What happens when the irresistable blog meets the immovable earner?
The thought crossed my mind recently as I noted the passing of two of Ireland's more popular blogs - Sigla and Present Tense.
Both are now firmly in the past tense, as their authors move on to pastures new and, crucially, paying.
I can appreciate the difficulties for a journalist who has a blog. You write for a living, which is hard enough. Getting paid for writing is even harder. So where's the motivation in doing it for free? A blog is in a way only encouragement for people to expect your work for nothing - including that nefarious species, editors.
I don't think it's a coincidence that both Sinead and Shane were functioning hacks before they blogged. I get the sense that blogging was something they tried and found ultimately incompatible with the day job.
Other hacks, like Richard Delevan and Sarah Carey, seem able to keep both plates spinning in the air. But then again, Sarah came to journalism via her blog being noticed by the Sunday Times, while Richard has long mastered the high wire act of keeping both in balance.
Maybe he manages it because his articles tend to be lengthy, considered pieces of work, whereas his blog is often home to much shorter items that have come to his notice.
There are other blogs by Irish journos. But by and large they're either by youngsters starting out on their career or they're done under pseudonyms.
Perhaps the former are just looking for an outlet, somewhere to practice their chosen trade, maybe even get noticed. Perhaps the latter are looking to put things into the public domain which their paymaster won't publish. I'm speculating here, of course.
The clash of cultures between 'old' media and 'citizen journalism' has become a somewhat hackneyed topic for debate, and to me it seems defunct as we're still in some sort of transitional arrangement wherein both forms are seeking to find a way to marry into each other, like a messy corporate merger.
But the intersection between blogging and the media does seem to produce regular casualties, and those casualties are nearly always the blog, which doesn't pay, as opposed to the media work which does.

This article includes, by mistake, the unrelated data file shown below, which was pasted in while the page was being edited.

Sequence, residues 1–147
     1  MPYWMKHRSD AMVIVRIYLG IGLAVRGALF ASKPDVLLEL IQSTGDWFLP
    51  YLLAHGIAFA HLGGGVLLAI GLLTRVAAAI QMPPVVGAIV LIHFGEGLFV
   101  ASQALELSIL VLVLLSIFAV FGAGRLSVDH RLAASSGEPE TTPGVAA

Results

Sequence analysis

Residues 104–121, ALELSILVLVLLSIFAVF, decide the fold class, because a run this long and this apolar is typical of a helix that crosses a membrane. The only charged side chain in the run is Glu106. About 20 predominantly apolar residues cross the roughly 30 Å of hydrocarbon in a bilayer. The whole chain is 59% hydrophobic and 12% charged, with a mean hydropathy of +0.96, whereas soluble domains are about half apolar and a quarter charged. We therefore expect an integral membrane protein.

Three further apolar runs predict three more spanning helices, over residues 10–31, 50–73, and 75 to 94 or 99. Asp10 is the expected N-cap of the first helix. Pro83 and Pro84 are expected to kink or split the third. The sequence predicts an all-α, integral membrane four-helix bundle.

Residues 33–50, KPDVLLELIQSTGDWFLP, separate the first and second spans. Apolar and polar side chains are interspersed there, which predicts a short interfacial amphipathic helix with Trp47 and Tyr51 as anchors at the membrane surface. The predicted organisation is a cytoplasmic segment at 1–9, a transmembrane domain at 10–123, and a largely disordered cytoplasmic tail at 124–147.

It would be great to see more established journalists commence blogging in Ireland. But sadly the trend seems to be going in the opposite direction. Anyone remember this from one particular Irish media titan?
And he got paid for it. Just not enough, presumably, for it to continue into the present.
When the need and opportunity to progress a career in the media clashes with blogging, it's the blog which is the first casualty. Because they take time and consideration and thought, and they don't pay.
This isn't restricted solely to hacks, of course. Other good blogs have fallen by the wayside as their authors lacked time to blog because they were busy earning elsewhere.
And even though blogs are free to read, we're all a little poorer for that loss.
It strikes me that the payment available to bloggers (other than a pittance of adsense revenue or similar) is in the interaction from reader comments. You don't get that in the mainstream media (letters pages and radio phone-ins just don't carry the same capacity for initiating a considered debate instantly.)
It doesn't compare to getting a cheque in the mail, but it is a small reward when someone notes something you've blogged about and takes issue with it, or agrees fervently, or says you've opened their mind, or merely links to it from a blog of their own.
So if we're not going to pay bloggers cash, then it might be nice if more people left more comments as they bounce around the blogosphere. It won't pay the rent, but it will add further relevance and vitality to the medium, while also giving the authors some form of payback.